The Particular Struggles of Rural Women

Women outside cities tend to marry earlier, have limited access to good healthcare, and experience higher rates of domestic violence.

Rural America is struggling. My hometown of Cortland, New York once boasted numerous factories—Brockway, Smith Corona, and Rubbermaid—which have all left. The Marietta Corporation and SUNY Cortland are the area's major remaining employers. When I visit my family for a weekend I inevitably run into the odd urban traveler stopping by for a few days. They remark on the "simplicity" and "honesty" of rural life. It would be the perfect place to raise children, they say. I return a taut smile. I can't explain the fetishization of rural people and their lives to these strangers, and why their words sound so condescending. But I really want to.

If these well-meaning tourists fail to notice the challenges of living in a small town with high unemployment rates and few safety nets for the poor, social critics ignore rural America entirely. At Slate, The Atlantic, The New York Times, and other prestigious outlets, the commentary about women revolves around the supposed new brand of Superwomen: highly educated, upper to middle class, and ambivalent about marriage and babies.

Rural women face a different set of challenges than these Superwomen. It's less likely rural women's mothers received an education beyond high school. There's a smaller chance their mothers received a master's degree. Often, their schools don't offer the same educational value as schools in suburban areas, making their college applications less palatable to good state schools, much less Ivy League schools. The models of success aren't there, and if they are, the pathways to success are limited, and require that they leave the region.

So rural women focus on where they can achieve, and often the only avenue of achievement open to them is in raising children and getting married.

Marrying Young
Rural women are more likely to have sex and marry earlier than urban women, according to a 2013 Brigham Young University study, "Marital Paradigms: A Conceptual Framework for Marital Attitudes, Values and Beliefs." Why is this? The less educated you are, the more likely you are to marry young. Fifty-three percent of women with a high school diploma married by 25 years old compared with 37 percent of women with bachelor's degrees, according to a 2006-2010 CDC survey. Rural women are less likely to have earned a bachelor's degree or master's degree compared to urban women, at 22.5 percent versus 28.9 percent respectively, according to 2011 U.S. Health and Human Services statistics, priming them for early marriages.

According to a 2010 study "Early marriage in the U.S. Why Some Marry Young, Why Many Don't and What Difference It Makes," early marriage occurs most frequently among young adults with low educational trajectories, who come from families with more limited resources. These young adults typically come from rural communities and the Southern U.S.

These issues are familiar to Cortland. The New York State Department of Health's County Health Assessment Indicators shows Cortland's teen pregnancy rate is 27.3 per 1,000 lower than the state's 53.5 per 1,000. The percentage of births within 24 months of a previous pregnancy, however, is five percentage points higher than the state overall. Single women with children under five years old had the highest rate of poverty in Cortland County, at 78.7 percent, according to the 2009-2011 American Community Survey.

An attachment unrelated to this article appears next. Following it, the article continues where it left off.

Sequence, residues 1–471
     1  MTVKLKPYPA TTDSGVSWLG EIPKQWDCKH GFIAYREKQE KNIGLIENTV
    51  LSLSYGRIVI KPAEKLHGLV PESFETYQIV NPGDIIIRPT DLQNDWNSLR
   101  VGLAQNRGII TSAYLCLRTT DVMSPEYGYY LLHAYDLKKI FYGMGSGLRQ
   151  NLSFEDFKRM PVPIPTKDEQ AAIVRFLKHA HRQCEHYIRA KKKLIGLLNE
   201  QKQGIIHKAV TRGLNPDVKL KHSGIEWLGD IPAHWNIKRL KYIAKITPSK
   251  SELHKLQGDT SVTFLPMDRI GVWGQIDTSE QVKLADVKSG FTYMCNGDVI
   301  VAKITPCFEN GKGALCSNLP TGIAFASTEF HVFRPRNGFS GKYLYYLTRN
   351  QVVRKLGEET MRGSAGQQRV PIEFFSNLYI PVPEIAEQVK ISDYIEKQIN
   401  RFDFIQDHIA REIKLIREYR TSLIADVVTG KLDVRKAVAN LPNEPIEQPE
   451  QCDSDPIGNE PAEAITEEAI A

Gail Bundy works for the Cortland County Community Action Program, which assists low-income people in the county. She said the poverty in Upstate New York is exacerbating the problems young women with children already face.

"What makes life hard for rural women and young families in rural America is the stress of poverty, which is directly related to the loss of high-paying manufacturing jobs with benefits, increase in employers using temp and seasonal labor, and the costs of reliable transportation and health care," Bundy said.

At CAPCO, Bundy helps women manage a budget and navigate workplace rules. The women she counsels often bear sole responsibility for the household finances, but haven't learned the basics of budgeting.

"Overall, the women end up with lots of responsibility managing the family and have a stronger role in managing the money. Their children's needs come before their own education," Bundy said. "They have to figure out how to manage households, keep their children fed, clothed, and educated with very limited resources. We help them develop those skills."

Bundy said she is trying to encourage women to pursue some kind of long-term goal, educational or not, that will set a good example for their children. Often the women Bundy meets pursue traditionally feminine jobs such as nursing or daycare work, but Bundy is trying to encourage women to train for work that provides a living wage, such as an electrician, who might make $17 to $18 an hour.

Beth Reed, 26, grew up in Homer, New York, three miles from Cortland, and pursued a teaching career. She married at 25 and gave birth to a baby boy, Zeke, at 26. She is taking a break from substitute teaching at Homer Central High School to take care of her son but intends to go back to work soon out of financial necessity. In her experience talking to high school-age women, she has found many of them are forgoing a college education and having children young, often before marriage.

"I do find a majority of high school females taking their high school diploma and not pursuing a college degree. I don't necessarily see them getting married young but I do see them starting families. In my opinion, that is a small-town mentality," Reed said.

Presented by

Casey Quinlan

Casey Quinlan is a reporter at MFWire who has written for the New York Daily News, Feministing and The Legislative Gazette

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